a not so radical proposal for PI in ip6 world: Hierarchial routing tables

Joe Maimon jmaimon at ttec.com
Thu Feb 16 14:01:55 UTC 2006

Since the list seems to be accepting topics relating to ipv6 and PI 
multihoming AGAIN, I thought I would chime in again with my pet idea.

Hierarchical routing. It worked for name resolution. It would work for 
todays routing table, which is the routing equivalent to the host file 
of old.

Let there be a single large prefix that will be used for all PI 
assignments. Let the single large prefix be further divided into 
"geographic regions" (nod to Michael D.)

Let policies for assignment from this prefix take geographic location 
into account, and be SMALL, so that another prefix will never be neccessary.

Filtering policies include the recommendation to filter out all prefixes 
longer than either the single large one and/or the local geographic ones.

All ISP's hosting customers with prefixes inside the PI prefix would 
need to advertise at a minimum both the global PI prefix and the 
appropriate geographic PI prefix.

Fast Forward 5 years.

Now there are 8 million PI prefixes advertised. Most ISP's routers 
cannot hold them and all the other 2 million non PI prefixes.

Instead ALL ISP's operate a 2 tiered hierarchy of routers. Those that 
have non-PI prefixes and those that do.

The routers with only non-PI prefixes may hold the ISP's local PI 
prefixes but will filter out any others learned.

The routers with only PI prefixes peer using multi-hop BGP to other 
providers routers who have PI prefixes.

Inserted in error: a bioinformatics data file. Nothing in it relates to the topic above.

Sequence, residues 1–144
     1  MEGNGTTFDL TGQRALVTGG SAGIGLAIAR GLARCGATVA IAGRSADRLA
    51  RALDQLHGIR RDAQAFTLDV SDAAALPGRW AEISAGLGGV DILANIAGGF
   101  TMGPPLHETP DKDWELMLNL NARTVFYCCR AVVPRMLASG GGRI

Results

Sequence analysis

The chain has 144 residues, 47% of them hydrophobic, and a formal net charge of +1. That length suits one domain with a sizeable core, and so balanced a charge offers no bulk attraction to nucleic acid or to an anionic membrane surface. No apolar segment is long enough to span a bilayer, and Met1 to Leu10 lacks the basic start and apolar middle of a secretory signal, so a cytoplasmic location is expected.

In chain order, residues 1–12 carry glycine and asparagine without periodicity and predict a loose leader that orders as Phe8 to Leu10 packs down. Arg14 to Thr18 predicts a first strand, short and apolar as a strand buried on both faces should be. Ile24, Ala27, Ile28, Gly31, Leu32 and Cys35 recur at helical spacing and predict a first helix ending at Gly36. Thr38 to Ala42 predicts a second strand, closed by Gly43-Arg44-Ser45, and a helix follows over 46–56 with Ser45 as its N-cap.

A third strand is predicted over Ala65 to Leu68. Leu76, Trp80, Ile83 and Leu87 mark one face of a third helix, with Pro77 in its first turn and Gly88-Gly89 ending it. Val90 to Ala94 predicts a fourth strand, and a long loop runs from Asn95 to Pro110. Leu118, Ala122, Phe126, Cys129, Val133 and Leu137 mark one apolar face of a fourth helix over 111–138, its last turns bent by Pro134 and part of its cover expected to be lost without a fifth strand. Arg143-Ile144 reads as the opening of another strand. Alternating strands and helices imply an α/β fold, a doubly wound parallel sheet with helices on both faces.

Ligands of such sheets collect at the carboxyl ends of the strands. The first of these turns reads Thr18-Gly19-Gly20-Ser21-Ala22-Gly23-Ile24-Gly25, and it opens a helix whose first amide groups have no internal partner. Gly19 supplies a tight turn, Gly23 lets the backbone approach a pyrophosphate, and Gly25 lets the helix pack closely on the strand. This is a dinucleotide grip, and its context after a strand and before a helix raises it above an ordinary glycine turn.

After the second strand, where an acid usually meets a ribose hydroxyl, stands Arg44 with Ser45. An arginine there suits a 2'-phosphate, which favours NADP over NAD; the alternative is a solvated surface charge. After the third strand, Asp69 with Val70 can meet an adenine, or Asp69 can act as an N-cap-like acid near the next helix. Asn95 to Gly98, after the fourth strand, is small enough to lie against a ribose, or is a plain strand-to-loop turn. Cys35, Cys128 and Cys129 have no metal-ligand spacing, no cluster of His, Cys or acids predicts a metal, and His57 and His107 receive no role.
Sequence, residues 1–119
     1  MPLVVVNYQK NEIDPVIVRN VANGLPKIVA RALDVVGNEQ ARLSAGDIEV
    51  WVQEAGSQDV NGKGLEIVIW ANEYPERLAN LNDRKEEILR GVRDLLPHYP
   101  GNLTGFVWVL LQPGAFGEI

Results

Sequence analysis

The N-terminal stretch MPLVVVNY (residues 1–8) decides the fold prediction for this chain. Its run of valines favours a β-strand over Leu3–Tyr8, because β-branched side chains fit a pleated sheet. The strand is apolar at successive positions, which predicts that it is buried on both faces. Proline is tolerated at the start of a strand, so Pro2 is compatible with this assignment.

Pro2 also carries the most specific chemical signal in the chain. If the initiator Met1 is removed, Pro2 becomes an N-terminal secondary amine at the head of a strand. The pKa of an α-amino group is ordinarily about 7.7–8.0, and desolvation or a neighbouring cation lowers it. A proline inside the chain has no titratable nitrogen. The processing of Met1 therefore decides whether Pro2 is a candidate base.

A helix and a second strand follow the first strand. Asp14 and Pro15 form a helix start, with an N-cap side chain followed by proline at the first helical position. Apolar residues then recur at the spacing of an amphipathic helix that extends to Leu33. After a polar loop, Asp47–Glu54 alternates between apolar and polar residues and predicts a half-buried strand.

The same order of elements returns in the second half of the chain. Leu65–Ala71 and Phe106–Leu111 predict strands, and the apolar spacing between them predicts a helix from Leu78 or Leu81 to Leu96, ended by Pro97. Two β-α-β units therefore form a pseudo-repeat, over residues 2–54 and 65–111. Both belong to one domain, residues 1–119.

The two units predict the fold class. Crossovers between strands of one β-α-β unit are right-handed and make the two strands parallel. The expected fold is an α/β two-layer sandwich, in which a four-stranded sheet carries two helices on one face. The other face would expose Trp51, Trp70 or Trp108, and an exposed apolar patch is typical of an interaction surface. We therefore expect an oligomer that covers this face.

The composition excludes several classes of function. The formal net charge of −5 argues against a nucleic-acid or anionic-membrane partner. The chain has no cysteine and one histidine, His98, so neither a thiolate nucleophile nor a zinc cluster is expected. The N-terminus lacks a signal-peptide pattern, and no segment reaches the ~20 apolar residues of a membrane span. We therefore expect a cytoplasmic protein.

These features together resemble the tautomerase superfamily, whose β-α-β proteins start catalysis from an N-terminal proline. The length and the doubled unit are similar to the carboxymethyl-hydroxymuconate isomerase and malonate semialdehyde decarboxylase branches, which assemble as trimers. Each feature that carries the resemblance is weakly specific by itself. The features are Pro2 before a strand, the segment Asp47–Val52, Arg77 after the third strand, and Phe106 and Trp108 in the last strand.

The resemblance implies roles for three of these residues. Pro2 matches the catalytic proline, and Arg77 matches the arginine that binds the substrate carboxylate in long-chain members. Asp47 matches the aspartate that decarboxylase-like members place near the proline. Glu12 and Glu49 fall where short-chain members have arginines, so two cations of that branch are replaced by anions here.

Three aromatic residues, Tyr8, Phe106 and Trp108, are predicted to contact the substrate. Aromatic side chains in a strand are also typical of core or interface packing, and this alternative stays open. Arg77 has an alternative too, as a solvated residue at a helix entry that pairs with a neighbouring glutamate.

The ISP must announc the global and applicable geographic PI prefixes so 
that PI destined traffic is attracted to their AS.

The ISP tries to keep a full table of PI prefixes so that they can MPLS 
TE/L2Tpv3/source route/ incoming traffic attracted by their non PI 
routers to their peer's handoff.

This is the key. Using a mechanism OTHER than a full table on all 
routers who handle the packet transiting through the AS.

If a full table is impossible, the ISP may choose to operate an array of 
the routers, each ibgp advertising one of the geo PI prefixes and 
holding only a full table for that prefix. Other filtering schemes are 

Some ISP's may opt to host NO PI customers. Then they do not need such 
an expensive router and they do not need to announce any PI prefixes.

Some ISP's may opt to NOT announce the PI prefixes. They will have to 
rely on their PI-Peers to attract the desired traffic and route it to 
their AS.

Some ISP's may opt to purchase routers capable of a 12 million prefix 
RIB and they will not operate such a hierarchy at all, except that their 
peers will undoubtedtly include ISP's who do and will need mutli-hop 
bgp, and those that dont and will filter all those PI prefixes out.

Perhaps one day multicast prefixes will need the same kind of hierarchy.

Or some other class of prefixes. But obviously a global table is going 
to need severe limits in expansion.

As for the problems of attracting unwanted traffic and handing packets 
back and forth between an AS's forwarding plane routers and routing 
plane routers, I am betting that if the problem of large table growth is 
so severe, the economics would favor using twice/thrice the bandwidth 
and fewer expensive routers than saving bandwidth and purchasing many 
large expensive routers.

In other words, this is a solution that can be tested and driven by the 
marketplace. It needs no new technology standards. All that is 
neccessary is some policies for PI assignment.

Customers who want it will spur its adoption. ISP's wishing to host 
those customers will spur its implementation. ISP's filtering their 
table to reduce size will ensure thatg hierarchy is needed.

Last time proposed, I had about two directly related comments.

Feel free to ignore me again this time.


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